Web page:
In anticipation of another severe winter, utilities are preparing to run winter load management programs. In some cases, this is for the first time. On the surface, it may seem an easy task as asking customers to reduce the load in peak times has been a staple of utility demand side management (DSM) programs for years. However, this effort will require more than a copy and paste from the summer program counterpart. Different types of customers with varying types of loads will be participating. Winter load management programs may have two peak periods during the day instead of the one peak period in the summer. Summer programs are typically focused on cooling loads which are probably not appropriate for cold weather times. Here are a few considerations for program outreach and implementation.
The basic concept of incenting customers to reduce load when the utility requests it remains the same. To facilitate the program launch, consider the initial outreach efforts to the firms that market these programs to end-use customers. These companies have existing relationships with large users and quickly make customers aware of the new program opportunity. Additionally, residential programs can be offered through smart thermostat companies. Both approaches will allow the utility to rapidly scale program enrollments without direct outreach to customers. From the program design standpoint, utilities will need to determine how program costs and incentive payments will be handled. Do you run a one-month program in December and a three-month program for January, February, and March? From a simplicity standpoint, running it as a one-season program would make the best sense rather than splitting costs between program years. Internally, the utilities work processes will need to be modified from the summer programs as they align better with traditional office hours. Winter programs will require utility load management staff to monitor grid conditions early in the mornings and later in the evenings. This may require flexibility for managers and their staff. Fortunately, with the remote working arrangements that have been in place for the past two years, this task will be easier.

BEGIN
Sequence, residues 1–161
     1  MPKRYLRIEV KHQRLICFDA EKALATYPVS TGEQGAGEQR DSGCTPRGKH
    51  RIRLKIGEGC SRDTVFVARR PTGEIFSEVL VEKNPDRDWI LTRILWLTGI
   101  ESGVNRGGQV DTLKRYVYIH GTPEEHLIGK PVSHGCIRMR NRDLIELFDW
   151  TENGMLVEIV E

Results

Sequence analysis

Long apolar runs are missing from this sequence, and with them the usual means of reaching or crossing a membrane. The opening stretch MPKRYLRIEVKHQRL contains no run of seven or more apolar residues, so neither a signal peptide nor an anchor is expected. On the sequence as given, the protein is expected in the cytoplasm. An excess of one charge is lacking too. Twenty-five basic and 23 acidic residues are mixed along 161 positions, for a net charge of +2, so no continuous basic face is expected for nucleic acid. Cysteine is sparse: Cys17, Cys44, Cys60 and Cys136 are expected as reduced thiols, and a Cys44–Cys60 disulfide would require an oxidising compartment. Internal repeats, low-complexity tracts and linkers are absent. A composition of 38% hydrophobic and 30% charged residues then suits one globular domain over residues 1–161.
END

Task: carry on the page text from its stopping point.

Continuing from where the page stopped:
The last consideration is on tracking systems. As mentioned earlier, this is not a copy-and-paste approach. Some of the functions will be the same such as customer information and meter number. However, the definition of the peak period will be different. Customer usage for two different periods per day will need to be logged and tracked. Hopefully, the existing system is flexible enough to accommodate such a change rapidly. When attempting to launch a program quickly, the tracking systems must be up and running from day one. If you are using eTRACK+, you have such a system. If not, ANB Systems can help you meet your program objectives.
You can also read the following articles for more information:
1. Oncor’s Proposed Winter Load Management Program – New Pilot 24/7
2. ACEEE Guide for Utility Winter Load Management
3. Texas PUC Staff, TDUs File Settlement On Interim Winter C&I Load Management Programs
Written by – Michael Stockard
Michael Stockard is an independent consultant at Stockard Energy Advising and is a member of the Advisory Panel at ANB Systems. Michael has over 40 years of experience in the design and implementation of demand-side management programs.
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